What a cyberattack really means for your business
Political uncertainty affects personal security. It’s known that planned cyberattacks intend to disrupt pieces of our energy, financial, transportation, and electrical infrastructure. If this were to happen, the likely impact would be days or weeks of outages—not to mention unavailability of systems and services in certain cities. Much like the effects of a natural disaster, you can’t prepare after an incident with resources you didn’t put into place beforehand.
In this time of tense relations between the U.S. and Iran, it can be hard to think clearly as a business owner. After all, there’s no playbook for this new kind of digital warfare where grids and data are the targets. As the political landscape changes, businesses must adapt. But when we’re facing a potential cyberattack as business owners, what should we actually do at the office to prepare?
Think about what’s critical
Each business has core services without which it cannot make a profit, nor keep the lights on. If you’re a florist, this might be your greenhouse, online ordering or your delivery trucks. If any of these fail, you risk losing your flower shop. Take a moment to assess what’s crucial about your business and what you need to protect the most. Make targeted response plans that include what to do if that part of your business is without power or networking; we’ve put together general tactics for securing your home and office, but there are pillars unique to your business that must be secured in times of crisis. Know what those pillars are and make sure your response plan provides contingencies in case of power loss or service disruption.
Security sits with every employee
Even nation-state hacking efforts start with bait, usually in the form of phishing, bad links or social engineering. It can be easy to forget that your employees are the first line of defense against a major cyberattack, but also your greatest point of vulnerability. Nine out of every ten cyberattacks start with an email and every infiltration depends on a weak link, so make sure your staff is alert at work. Provide training and resources on recognizing social engineering and phishing attempts inside the workplace so that your whole staff is phish-savvy. Make sure that also includes your physical security, too, by having watchful staff on the premises. Respecting one’s instincts and remaining vigilant onsite keeps the whole office safer, so make sure your physical security doesn’t get ignored for a digital-only strategy.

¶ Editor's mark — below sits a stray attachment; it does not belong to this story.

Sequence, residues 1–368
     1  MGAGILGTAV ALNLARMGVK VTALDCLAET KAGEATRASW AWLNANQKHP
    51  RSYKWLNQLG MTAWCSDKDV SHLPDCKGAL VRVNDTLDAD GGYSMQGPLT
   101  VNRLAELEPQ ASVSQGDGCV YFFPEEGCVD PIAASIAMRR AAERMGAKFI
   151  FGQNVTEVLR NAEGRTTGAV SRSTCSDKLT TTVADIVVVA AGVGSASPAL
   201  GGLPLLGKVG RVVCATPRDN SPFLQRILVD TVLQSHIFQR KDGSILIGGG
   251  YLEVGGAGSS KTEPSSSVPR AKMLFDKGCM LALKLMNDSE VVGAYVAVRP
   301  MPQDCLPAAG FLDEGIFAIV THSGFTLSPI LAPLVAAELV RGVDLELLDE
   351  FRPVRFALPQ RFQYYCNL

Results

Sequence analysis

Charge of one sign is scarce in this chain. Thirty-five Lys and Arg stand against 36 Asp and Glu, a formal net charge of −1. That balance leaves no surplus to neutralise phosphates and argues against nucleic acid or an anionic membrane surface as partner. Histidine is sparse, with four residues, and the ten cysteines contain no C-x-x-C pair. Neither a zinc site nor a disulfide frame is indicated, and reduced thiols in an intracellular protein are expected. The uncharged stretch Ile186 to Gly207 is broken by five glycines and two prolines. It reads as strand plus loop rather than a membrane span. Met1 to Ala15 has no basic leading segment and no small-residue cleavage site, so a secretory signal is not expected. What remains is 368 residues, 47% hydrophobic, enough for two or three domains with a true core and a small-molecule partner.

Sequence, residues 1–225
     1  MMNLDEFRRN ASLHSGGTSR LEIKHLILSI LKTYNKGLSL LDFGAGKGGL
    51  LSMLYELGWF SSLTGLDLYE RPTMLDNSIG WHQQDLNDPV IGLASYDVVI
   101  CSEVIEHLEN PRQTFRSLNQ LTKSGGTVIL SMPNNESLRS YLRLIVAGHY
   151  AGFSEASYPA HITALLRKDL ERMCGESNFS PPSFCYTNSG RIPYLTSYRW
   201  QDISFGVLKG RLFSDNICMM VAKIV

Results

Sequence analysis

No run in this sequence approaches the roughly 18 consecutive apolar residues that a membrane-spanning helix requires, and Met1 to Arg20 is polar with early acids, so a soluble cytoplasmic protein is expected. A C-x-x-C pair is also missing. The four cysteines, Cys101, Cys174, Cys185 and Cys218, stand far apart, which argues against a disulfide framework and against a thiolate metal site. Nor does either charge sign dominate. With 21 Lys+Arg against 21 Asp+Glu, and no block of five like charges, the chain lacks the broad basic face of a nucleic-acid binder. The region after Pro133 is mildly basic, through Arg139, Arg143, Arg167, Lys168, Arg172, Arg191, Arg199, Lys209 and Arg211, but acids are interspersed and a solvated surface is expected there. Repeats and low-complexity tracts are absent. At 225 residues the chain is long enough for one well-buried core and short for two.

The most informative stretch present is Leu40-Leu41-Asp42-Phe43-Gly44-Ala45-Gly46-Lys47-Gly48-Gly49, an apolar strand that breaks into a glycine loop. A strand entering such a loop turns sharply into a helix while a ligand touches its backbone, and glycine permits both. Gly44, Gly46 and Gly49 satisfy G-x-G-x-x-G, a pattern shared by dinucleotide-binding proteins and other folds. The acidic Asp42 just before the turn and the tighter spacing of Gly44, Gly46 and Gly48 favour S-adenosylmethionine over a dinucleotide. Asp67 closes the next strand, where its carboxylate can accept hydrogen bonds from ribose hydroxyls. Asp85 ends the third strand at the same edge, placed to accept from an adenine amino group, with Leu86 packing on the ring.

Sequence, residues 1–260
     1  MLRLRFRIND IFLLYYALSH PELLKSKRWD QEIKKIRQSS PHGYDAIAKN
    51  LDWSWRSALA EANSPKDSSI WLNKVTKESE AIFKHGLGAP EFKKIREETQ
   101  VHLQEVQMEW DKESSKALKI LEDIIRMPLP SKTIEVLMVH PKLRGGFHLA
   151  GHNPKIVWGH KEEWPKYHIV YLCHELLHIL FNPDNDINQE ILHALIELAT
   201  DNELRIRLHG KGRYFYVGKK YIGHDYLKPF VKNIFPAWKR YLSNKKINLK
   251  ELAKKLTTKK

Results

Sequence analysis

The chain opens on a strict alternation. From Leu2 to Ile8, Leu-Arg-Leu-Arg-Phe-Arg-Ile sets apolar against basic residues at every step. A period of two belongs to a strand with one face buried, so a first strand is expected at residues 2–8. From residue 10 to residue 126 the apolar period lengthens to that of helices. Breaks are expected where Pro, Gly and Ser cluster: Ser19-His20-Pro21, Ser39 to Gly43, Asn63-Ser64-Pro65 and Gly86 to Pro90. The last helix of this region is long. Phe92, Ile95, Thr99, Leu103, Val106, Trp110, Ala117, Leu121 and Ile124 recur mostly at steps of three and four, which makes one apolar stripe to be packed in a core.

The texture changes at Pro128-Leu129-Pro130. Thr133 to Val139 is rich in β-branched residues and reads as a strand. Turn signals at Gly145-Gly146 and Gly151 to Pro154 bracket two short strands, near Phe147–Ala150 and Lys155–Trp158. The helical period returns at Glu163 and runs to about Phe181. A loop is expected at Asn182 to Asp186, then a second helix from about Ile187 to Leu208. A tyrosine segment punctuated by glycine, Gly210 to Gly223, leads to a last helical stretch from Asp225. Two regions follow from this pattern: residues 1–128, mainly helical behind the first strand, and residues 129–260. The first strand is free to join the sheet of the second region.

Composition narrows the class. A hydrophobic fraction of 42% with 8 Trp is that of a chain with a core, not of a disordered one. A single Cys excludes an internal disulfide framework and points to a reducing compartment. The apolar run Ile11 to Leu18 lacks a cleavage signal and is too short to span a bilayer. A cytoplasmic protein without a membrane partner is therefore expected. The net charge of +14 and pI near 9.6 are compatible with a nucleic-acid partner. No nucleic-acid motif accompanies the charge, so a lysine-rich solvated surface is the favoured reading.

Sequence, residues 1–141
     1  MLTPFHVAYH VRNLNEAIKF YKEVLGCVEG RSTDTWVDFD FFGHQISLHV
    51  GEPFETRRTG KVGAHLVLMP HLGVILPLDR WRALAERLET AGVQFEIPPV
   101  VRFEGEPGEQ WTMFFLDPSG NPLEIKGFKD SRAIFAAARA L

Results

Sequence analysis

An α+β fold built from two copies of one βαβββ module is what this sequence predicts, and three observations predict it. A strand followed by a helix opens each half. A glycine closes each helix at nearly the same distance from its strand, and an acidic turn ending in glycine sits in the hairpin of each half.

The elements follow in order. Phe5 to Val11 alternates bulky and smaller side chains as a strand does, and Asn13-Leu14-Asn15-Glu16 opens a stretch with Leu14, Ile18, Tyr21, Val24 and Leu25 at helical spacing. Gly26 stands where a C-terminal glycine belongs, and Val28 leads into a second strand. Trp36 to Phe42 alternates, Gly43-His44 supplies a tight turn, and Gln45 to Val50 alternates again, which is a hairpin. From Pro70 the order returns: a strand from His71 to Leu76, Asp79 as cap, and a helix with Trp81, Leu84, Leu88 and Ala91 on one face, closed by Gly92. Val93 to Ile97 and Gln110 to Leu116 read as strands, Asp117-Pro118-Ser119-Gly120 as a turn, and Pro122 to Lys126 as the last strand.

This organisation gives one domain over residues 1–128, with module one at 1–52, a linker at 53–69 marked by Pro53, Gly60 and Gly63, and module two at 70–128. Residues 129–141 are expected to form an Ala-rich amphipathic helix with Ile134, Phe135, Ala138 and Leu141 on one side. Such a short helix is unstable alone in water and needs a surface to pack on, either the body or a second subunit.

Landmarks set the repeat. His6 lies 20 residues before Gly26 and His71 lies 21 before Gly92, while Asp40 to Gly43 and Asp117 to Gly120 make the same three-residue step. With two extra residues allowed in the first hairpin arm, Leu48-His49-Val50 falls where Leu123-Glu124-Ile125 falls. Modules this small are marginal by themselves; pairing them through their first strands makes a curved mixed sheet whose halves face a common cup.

Use security tools
There are lots of expensive security tools on the market. Many are just dressed-up antivirus protection that doesn’t actually catch malware as it evolves—and won’t often work on your mobile device. With threat hunters on staff who use rich analytics to build a stronger VPN, Rubica is a better line of defense against cyberattacks. One app protects your customer data, blocks bad links, masks your location, encrypts your traffic, and connects you to our threat-hunting experts. We make it harder for the hackers to get to you, your business, your employees, and your customer data.
As always, we’re here to help with security strategies. Contact our experts at 866-520-0014 or email firstname.lastname@example.org.